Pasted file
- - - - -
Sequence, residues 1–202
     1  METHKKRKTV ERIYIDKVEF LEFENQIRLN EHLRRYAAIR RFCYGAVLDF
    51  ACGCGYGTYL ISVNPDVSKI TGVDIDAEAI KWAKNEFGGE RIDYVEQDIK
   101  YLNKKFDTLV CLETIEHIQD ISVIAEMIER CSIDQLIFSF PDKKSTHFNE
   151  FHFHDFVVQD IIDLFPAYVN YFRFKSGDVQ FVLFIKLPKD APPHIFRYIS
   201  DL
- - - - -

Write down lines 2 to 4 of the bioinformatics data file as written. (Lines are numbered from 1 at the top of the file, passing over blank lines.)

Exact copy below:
     1  METHKKRKTV ERIYIDKVEF LEFENQIRLN EHLRRYAAIR RFCYGAVLDF
    51  ACGCGYGTYL ISVNPDVSKI TGVDIDAEAI KWAKNEFGGE RIDYVEQDIK
   101  YLNKKFDTLV CLETIEHIQD ISVIAEMIER CSIDQLIFSF PDKKSTHFNE